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Bullying Resource Page

More Ways to Get Help With Bullying

Relational Bullying Guide

Use the above links to explore the relational bullying guide.

Have you tried everything to stop the bullying and nothing worked?
Are you unable to cope with the stress of bullying?

Click here for more ways to get help with bullying (DOC)

Use the following activities to end bullying: They will help you better understand what you have learned about relational bullying.

Bystander Quiz (DOC)

Making Assumptions (DOC)

Talking to an Adult (DOC)

What's Your Opinion (DOC)

Understanding Fogging (DOC)

I Play a Role Relational (DOC)

A Bucket of Sand (DOC)

Worst Case Scenario (DOC)

Assumptions Scenario (DOC)

Different Perspectives (DOC)


If You See Bullying Happening

Most teens agree that they are against bullying, but many do not know what to do about it. Here we will show you what to do and what not to do when you see relational bullying happening.

Bystanders play a special role in relational bullying. Relational bullying is a group process. The bully relies on the girls within the group to help her bully the victim. So, this type of bullying can only happen when bystanders help it happen.

Some examples of how bystanders support relational bullying:

Place your mouse here to see other ways that you might be supporting relational bullying.

You might be supporting bullying by:

  • Doing nothing
  • Laughing or giggling
  • Spreading rumors, slam books, or notes
  • Making “mean” faces towards the victim
  • Going along with the bully when she suggests:
    • Excluding
    • Ignoring
    • Rolling eyes
    • Talking to the victim in a mean or hostile tone of voice
  • Joining in on a three-way call meant to manipulate the victim
  • Playing messenger between victim and bully
  • Talking about the victim behind their back

Some teens might think that standing up to relational bullying will make others mad at them or make them less popular, but it doesn’t have to be that way. Research has shown that those who stand up to bullying are actually more liked by their peers.

Below are specific actions you can take when you see relational bullying.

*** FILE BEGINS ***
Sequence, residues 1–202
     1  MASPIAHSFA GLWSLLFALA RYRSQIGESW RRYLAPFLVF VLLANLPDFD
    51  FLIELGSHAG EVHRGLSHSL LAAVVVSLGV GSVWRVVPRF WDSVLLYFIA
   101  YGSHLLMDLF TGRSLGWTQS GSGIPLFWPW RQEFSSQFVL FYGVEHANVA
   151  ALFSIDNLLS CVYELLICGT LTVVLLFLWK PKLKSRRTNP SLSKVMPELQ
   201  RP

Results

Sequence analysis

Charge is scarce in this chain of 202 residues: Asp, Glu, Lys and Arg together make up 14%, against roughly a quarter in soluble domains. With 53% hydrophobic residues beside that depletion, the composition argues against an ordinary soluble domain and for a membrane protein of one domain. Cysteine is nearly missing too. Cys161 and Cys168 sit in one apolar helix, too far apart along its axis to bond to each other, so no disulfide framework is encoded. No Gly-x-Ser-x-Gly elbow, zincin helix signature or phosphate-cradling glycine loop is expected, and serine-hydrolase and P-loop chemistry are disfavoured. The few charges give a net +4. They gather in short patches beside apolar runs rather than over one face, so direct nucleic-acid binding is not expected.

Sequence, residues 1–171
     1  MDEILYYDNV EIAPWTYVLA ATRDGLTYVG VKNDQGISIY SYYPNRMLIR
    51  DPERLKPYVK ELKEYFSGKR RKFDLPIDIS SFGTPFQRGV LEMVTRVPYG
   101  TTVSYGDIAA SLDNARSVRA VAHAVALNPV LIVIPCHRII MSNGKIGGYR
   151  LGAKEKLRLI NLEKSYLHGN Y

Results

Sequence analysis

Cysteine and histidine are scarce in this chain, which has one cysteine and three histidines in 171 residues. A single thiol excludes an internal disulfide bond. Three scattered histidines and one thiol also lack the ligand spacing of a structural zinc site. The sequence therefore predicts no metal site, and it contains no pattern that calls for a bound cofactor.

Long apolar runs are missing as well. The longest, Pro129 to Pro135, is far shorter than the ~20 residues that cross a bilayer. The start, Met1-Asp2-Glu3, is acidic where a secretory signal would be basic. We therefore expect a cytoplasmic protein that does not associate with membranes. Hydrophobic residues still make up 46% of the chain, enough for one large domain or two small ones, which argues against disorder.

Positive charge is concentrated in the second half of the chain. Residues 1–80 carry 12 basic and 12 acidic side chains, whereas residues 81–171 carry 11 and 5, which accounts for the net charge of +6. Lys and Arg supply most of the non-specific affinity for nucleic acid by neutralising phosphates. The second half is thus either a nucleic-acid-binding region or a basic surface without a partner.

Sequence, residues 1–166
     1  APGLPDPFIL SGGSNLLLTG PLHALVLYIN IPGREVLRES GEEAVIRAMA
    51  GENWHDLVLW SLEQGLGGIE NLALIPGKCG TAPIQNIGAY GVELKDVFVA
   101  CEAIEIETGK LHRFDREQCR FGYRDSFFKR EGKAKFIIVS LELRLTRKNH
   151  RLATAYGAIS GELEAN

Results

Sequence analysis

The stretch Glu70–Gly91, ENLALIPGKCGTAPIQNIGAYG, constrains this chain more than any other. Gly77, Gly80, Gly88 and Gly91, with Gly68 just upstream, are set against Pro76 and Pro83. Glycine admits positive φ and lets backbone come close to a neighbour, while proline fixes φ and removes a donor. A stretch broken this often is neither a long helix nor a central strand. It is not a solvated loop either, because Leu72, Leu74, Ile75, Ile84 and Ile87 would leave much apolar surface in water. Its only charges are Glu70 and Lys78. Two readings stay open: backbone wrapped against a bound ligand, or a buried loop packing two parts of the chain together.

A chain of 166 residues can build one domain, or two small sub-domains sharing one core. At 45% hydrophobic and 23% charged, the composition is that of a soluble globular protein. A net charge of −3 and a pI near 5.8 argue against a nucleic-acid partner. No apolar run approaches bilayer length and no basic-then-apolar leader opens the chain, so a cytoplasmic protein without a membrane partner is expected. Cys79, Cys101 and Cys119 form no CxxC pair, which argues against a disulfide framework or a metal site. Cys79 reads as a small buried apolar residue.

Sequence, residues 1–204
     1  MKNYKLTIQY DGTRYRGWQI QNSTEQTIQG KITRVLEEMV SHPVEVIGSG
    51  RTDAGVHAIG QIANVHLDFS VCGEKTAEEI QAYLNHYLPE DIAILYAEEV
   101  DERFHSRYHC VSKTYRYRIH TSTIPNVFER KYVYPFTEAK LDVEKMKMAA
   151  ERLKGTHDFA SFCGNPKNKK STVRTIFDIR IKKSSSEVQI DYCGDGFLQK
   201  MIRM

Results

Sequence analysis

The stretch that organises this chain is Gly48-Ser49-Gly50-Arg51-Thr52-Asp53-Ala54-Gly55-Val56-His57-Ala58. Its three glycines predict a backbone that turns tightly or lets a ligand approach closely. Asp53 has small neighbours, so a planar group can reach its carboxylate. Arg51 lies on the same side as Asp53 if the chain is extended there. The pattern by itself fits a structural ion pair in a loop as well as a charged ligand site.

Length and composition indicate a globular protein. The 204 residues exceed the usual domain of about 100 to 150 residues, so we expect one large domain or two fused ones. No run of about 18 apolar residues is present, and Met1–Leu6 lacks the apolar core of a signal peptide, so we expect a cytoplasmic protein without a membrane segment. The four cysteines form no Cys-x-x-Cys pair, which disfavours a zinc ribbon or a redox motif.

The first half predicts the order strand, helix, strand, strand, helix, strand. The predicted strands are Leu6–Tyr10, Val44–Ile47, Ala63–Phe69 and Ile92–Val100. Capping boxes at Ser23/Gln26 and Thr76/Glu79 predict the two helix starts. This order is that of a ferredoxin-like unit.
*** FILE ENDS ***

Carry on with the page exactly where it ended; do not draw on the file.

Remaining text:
Not all of these ideas may work best for you. Choose actions you are most comfortable doing.


What to do when you see relational bullying:

Do not jump on the bandwagon.
It is easy ignore someone or talk about her behind her back when your friends are doing it. But one small thing you can do to help stop relational bullying is choosing not to join in.

  • If your friends are ignoring someone don’t ignore her.
  • If your friends are talking about someone behind their back, don’t talk about her.
  • If you hear a rumor going around don’t repeat it.
  • Make up an excuse to leave the situation, but do not participate.

Don’t play messenger.
You are a messenger when you communicate for the victim or the bully. Although you might have good intentions, words can easily get mixed up and this can make the situation worse.

  • If there are problems between friends, encourage the girls to talk on their own.
  • If they do not want to talk right away, give them time to cool off and then try again.

Stand up for the victim.

  • Disagree with what the group is saying about the victim.
  • Tell the group you don’t agree with the plans to exclude or be mean to the victim.
  • Ask how they would feel if this was happening to them.

Curb assumptions.
By not knowing all of the facts girls assume they know what others are thinking and feeling. If you think your friends are making assumptions, question them.

Make other suggestions.

  • If your friends want to ignore someone, offer an alternative suggestion of talking to the girl first to try to work the problem out.
  • If you hear rumors going around about someone, suggest to others around you that the rumor is probably not true or that they should not pass the rumor on.
  • If your friend starts spilling some secrets about another girl, recommend that she ask the girl first before she tells other people.


Here are several ways a bystander can react to relational bullying:

Here are some examples of how Jen and Becca might respond as bystanders.

Here are some examples of how several different bystanders might respond to gossip and rumors about Molly.

Think you know?

The following questions will add to your understanding of how to help someone who is being relationally bullied. Work by yourself or with a friend to come up with answers on your own before looking at our answers.

Questions about the video:

Becca and Jen:

Do you think Jen was able to help keep the situation from getting worse? What did she do right?